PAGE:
What It Would Take, and From Whom, for the Blue Jackets to Win the Metropolitan Division in 2018-19

By Chris Pennington on July 30, 2018 at 8:57 am
Columbus Blue Jackets center Alexander Wennberg
Aaron Doster – USA TODAY Sports

So close, and yet...actually, not too far away.

But even after nearly breaking 100 points two seasons in a row, the Columbus Blue Jackets still have never won a division title in their 18-year existence, nor have they ever come in second place.

To be fair, is it the Blue Jackets' fault they play in the most difficult division in the league? Besides, division titles look nice, but it's not on the same level as the Stanley Cup. Those banners look a little different. 

However, here's some hard truth: the current Metro Division has produced a team to play in the Stanley Cup Final in nine of the last 13 years – and every team in the division, except the Blue Jackets and New York Islanders, was a finalist in at least one of those nine years. Yes, even Carolina.

So in at least some regard, being successful in the Metro Division holds some weight. Winning the division title itself clearly does not guarantee a championship run in any sport, but being one of the top two teams in one's group at the end of the season surely helps.

Whether it's for home-ice advantage or even just a morale booster, winning the Metro Division would be a huge step for Columbus to finally get over the hump of never having won a playoff series; coming in as the underdog every single year they've made the postseason just isn't helping. 

In order to do so, the Blue Jackets will need some extra help from players who are due for a breakout season. Clearly Panarin, Bobrovsky and Seth Jones are amongst the most valuable to the team, but these few, amongst others, are needed now more than ever to take the next step in their game:

Josh Anderson

2017-2018: 63 GP, 19 G, 11 A, 30 P

Josh Anderson started off the year with 11 points in his first 20 games, but quieted down a bit as the Blue Jackets went through their mid-season slump. After suffering a sprained knee from a brutal hip check in a regular season game against Washington, Anderson only played in two more games before the playoffs, missing almost 20 games.

Anderson, along with Boone Jenner, is the closest the Blue Jackets have to an enforcer, and is a skilled one at that. The bruising 6-foot-3, 220-pounder can score for the club, as well as lay the body.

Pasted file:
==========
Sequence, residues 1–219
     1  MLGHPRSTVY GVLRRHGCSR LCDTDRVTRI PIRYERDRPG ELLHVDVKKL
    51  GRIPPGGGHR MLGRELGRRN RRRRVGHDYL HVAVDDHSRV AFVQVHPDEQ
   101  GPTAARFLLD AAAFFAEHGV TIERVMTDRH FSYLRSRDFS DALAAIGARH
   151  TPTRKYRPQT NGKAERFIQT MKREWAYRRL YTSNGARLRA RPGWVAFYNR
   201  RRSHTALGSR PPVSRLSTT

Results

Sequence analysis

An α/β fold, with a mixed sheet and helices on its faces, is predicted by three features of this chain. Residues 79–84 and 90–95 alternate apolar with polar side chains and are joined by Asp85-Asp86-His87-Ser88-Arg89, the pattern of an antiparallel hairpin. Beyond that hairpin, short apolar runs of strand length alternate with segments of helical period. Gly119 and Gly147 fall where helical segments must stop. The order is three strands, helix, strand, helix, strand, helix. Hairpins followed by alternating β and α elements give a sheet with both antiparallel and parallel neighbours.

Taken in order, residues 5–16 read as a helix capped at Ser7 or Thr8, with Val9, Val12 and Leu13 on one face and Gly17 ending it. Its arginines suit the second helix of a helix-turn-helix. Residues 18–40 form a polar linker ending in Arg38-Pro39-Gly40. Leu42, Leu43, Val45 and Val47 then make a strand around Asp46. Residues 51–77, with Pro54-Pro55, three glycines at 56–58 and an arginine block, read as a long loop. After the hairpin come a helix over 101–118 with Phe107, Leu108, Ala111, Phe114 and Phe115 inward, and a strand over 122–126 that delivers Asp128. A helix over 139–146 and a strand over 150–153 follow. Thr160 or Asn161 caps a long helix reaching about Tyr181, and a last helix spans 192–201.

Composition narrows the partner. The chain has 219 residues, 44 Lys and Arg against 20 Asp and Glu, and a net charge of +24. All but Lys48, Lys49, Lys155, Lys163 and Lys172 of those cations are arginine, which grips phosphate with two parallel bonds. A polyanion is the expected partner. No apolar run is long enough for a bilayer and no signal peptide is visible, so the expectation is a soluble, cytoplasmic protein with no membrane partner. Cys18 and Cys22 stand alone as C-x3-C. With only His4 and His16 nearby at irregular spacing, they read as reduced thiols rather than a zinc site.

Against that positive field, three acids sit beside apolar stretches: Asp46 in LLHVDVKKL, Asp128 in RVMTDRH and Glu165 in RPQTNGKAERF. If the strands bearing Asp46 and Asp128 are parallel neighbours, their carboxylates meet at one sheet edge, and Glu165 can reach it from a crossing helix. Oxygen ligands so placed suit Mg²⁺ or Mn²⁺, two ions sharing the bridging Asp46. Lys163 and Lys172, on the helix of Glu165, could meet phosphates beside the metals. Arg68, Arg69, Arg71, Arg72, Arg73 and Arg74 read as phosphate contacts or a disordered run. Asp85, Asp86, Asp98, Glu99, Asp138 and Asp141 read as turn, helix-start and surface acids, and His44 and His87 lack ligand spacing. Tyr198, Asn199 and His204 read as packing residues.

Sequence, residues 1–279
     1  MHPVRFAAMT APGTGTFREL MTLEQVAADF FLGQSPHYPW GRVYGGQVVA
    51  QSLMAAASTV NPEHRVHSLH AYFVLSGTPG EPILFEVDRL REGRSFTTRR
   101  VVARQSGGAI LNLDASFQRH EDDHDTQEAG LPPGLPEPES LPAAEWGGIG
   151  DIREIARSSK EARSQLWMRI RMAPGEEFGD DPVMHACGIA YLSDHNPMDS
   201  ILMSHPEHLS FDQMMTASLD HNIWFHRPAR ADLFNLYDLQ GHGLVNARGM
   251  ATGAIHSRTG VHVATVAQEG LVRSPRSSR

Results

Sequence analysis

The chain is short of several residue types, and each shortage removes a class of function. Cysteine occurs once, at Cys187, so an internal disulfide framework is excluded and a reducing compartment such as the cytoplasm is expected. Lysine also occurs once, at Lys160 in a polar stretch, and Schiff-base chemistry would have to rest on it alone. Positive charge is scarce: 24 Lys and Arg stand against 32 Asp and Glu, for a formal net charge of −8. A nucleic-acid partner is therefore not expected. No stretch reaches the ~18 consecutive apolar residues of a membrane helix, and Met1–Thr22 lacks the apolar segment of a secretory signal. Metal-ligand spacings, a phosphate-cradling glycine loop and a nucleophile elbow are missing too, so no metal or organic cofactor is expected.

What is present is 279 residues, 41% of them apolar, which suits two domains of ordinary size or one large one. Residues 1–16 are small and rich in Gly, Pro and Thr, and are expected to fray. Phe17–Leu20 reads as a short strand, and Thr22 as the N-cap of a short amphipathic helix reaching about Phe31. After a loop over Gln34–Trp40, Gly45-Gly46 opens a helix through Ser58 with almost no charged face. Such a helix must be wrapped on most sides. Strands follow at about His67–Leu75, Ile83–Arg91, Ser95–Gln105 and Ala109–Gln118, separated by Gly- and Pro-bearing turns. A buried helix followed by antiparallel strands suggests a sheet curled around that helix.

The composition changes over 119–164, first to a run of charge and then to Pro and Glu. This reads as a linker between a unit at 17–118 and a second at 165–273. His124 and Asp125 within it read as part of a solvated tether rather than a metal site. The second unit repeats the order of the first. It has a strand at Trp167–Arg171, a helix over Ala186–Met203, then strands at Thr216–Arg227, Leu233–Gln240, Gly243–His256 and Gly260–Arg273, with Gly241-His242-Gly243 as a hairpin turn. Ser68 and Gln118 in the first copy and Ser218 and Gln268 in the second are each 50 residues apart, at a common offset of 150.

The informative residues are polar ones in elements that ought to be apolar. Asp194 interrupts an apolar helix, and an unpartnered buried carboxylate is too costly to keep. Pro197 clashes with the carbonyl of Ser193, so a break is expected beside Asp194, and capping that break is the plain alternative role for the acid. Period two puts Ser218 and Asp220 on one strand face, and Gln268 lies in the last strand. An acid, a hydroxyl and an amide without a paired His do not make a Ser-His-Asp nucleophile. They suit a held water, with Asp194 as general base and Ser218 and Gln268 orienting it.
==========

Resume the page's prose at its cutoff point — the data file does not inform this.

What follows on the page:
What needs to happen: Anderson showed flashes of potential of being a solid second-liner for the Jackets this upcoming season, but to help push the team to the next level, he will need to have a complete year from game No. 1 to game No. 82. More specifically, a year of big hits, greasy garbage goals and plenty of scuffles with Tom Wilson. 

Alexander Wennberg

2017-2018: 66 GP, 8 G, 27 A, 35 P

On a line with Anderson is the usually-reserved Alexander Wennberg, who is ready for an on-ice personality change. Wennberg is clearly one of the most skilled players on the Blue Jackets, and fans have been longing for him to, well, "SHOOOOOOOOOOT!"

Wennberg is a pass-first player, having a 3-to-1 assist-to-goals ratio for every year he's been in the league. This is his game, and that's okay, but his point total dropped significantly from two seasons ago to last, from 59 to 35.

If anyone can light a fire under a mild-mannered hockey player, it's John Tortorella.

What needs to happen: Wennberg will need to be the first or second leading assist-maker on the team this upcoming season. If the duo of Wennberg and Anderson can ignite some second-line scoring, this would surely take some pressure off Panarin and Cam Atkinson having to significantly carry that load - which would mean more need cannon firing. 

Markus Nutivaara

2017-2018: 61 GP, 7 G, 16 A, 23 P

It's a tall task to play behind Seth Jones and Zach Werenski and make it look like there's not too much of a talent drop-off, but Markus Nutivaara is doing a fine job, and making the case of being a solid second-pairing defenseman. 

The 24-year-old Finn had a steady season in terms of point-flow. He had a few turnover moments where we remembered that he was still only a second-year player, but the improvement in tripling his point total from his rookie season and nearly doubling his positive plus/minus rating gives great hope for Nutivaara. 

What needs to happen: Nutivaara has shown potential to be the third-best defensemen on the team, maybe even by next season, which would be valuable with the Blue Jackets losing Jack Johnson and Ian Cole this summer. If he can deepen the top-four Jackets' defensive core, Bob may get the regular season rest he needs to be the same Bob in the playoffs.

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